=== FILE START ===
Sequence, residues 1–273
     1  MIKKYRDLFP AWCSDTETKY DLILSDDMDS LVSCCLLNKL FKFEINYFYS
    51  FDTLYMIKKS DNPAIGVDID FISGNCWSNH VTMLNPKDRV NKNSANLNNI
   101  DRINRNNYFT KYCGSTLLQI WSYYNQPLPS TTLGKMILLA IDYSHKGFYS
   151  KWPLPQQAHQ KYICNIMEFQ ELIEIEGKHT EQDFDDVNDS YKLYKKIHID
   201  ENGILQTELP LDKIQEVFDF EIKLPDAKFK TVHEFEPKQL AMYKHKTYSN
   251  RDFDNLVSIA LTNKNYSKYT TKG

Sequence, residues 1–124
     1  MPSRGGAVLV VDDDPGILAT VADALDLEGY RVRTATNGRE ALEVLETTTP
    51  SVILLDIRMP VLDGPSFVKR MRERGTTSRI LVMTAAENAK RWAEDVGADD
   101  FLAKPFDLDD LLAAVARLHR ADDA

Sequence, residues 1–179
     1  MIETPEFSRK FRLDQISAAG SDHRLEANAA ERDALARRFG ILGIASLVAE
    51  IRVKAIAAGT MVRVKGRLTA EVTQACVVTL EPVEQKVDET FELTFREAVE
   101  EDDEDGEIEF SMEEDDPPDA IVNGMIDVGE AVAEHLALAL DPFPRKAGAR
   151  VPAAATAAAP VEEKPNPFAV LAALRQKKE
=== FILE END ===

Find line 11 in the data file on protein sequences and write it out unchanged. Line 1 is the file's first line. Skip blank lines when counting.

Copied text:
   101  FLAKPFDLDD LLAAVARLHR ADDA